Instead of an equitable 50-50 split, as in pre-Prop. 13 days, residential property owners now shoulder about two-thirds of the tax load. This imbalance in the tax burden is in part due to Proposition 58, a law passed in 1986 that allows property to be passed from parent to child with no reassessment of the property.
Due to the slow turnover rate of commercial property, and perhaps good tax advice, many owners have been able to lock in 1978 tax rates through trusts and other provisions. By comparison, far fewer residential owners pass their homes on to heirs.
The Prop. 13 story was based on research by a former high-tech executive and Stanford MBA, Jennifer Bestor, who compared taxes paid on commercial property in downtown Menlo Park and in her own Menlo Park neighborhood. (She embarked on the project to find out why local property taxes are failing to cover the needs of her son's school district.)
On one block of Santa Cruz Avenue, the city's main street, Bestor found that of the 56 commercial parcels, 23 are assessed at the 1978 rate (plus 2 percent per year). Of those 23 parcels, only four are held by the 1978 owners; 11 have been passed to an heir and in some cases are held in family trusts. The last eight are owned by corporations (six) and partnerships of unknown composition (two).
This contrasts significantly with the 53 residential parcels in Bestor's neighborhood, where 13 are held by 1978 owners and two are held by children of 1978 owners, so are taxed at the 1978 level. Assessments of two other parcels were affected by other factors. The other 36 parcels, including hers, have been reassessed after changing hands, she said.
These findings have led Bestor to conclude that her residential street is "paying its way." By contrast, she asks, "Does it really make sense to subsidize family trusts, major real estate corporations and developers, who make smaller and smaller contributions (proportionally) to public services each year?"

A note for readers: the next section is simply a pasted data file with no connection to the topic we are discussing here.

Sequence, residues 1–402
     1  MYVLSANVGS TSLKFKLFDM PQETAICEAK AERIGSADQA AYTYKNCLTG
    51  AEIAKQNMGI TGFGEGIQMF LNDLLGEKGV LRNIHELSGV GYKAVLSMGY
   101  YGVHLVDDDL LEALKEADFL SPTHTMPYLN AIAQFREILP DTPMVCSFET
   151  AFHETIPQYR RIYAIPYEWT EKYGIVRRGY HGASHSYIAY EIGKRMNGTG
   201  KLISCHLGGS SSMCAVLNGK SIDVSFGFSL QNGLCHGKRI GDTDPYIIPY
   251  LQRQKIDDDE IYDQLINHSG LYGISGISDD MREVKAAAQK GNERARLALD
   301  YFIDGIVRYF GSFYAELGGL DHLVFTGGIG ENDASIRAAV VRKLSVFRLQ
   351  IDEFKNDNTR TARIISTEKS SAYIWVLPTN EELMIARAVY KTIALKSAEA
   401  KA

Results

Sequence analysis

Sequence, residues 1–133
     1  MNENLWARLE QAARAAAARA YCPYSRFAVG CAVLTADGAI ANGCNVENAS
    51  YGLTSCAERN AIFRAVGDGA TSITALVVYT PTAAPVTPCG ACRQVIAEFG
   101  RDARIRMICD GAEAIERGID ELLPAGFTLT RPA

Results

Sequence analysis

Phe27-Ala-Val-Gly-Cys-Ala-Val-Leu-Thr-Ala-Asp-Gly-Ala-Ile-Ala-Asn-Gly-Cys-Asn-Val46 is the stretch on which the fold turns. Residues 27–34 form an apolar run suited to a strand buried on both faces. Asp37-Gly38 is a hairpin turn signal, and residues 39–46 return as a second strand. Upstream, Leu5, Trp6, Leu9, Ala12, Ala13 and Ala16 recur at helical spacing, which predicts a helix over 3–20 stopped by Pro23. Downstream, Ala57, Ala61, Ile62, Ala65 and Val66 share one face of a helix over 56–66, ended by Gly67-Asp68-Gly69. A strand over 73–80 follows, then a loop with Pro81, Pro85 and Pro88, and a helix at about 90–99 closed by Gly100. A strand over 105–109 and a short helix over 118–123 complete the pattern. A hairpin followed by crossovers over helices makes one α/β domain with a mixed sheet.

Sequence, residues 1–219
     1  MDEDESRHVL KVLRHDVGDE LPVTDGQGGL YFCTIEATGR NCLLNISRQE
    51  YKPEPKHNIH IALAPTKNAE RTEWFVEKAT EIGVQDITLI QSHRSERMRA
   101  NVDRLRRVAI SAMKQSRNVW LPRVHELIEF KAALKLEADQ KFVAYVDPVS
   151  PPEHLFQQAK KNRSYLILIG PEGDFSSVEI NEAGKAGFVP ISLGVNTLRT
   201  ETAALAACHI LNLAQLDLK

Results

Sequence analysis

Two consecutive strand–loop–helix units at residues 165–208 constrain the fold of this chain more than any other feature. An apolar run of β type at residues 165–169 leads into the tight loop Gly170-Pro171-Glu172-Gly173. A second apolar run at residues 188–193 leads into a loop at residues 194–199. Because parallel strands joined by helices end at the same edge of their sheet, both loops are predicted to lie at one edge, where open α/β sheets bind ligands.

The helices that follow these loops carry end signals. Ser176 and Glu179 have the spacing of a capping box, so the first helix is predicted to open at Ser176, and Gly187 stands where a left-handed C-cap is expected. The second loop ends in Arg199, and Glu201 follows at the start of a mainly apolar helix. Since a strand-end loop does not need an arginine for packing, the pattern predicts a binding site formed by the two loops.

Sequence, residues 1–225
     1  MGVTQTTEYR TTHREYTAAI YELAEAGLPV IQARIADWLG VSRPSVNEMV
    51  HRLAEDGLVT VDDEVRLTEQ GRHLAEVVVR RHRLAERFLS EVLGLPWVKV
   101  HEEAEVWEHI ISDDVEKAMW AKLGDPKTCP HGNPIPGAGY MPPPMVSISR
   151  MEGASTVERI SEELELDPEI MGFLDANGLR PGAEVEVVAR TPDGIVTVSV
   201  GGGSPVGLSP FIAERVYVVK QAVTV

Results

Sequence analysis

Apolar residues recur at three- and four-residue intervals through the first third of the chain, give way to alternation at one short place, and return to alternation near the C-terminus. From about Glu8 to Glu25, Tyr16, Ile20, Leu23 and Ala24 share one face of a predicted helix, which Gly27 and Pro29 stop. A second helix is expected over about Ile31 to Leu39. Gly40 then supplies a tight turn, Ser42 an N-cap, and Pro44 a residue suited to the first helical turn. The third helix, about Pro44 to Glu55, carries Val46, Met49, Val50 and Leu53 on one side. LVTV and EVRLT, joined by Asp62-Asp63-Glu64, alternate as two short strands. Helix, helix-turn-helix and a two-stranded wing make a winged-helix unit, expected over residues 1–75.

Examples of the sort Bestor uncovered in Menlo Park are common in many California cities, including Mountain View. Allowing commercial property owners to pass their holdings on to heirs without a reassessment has become a significant factor in inheritance strategies, and seems to be causing real inequity in the system.
By allowing so many commercial property owners to opt out of contemporary tax rates, the state is shortchanging many of its most important governmental institutions, including schools, local governments and special districts, to name just a few. Given the constrictions placed on property taxes through Prop. 13 — with a crucial nudge from Prop. 58 — we propose that commercial properties in California be reassessed every 20 years.
Ever since the economic downturn brought huge budget deficits to our state, legislators have been looking for more revenue but have focused on slashing expenditures, including devastating cuts to all levels of education. One answer is right under their nose: Readjust the rules stated in propositions 13 and 58, and take a fairer cut of this state's commercial property taxes.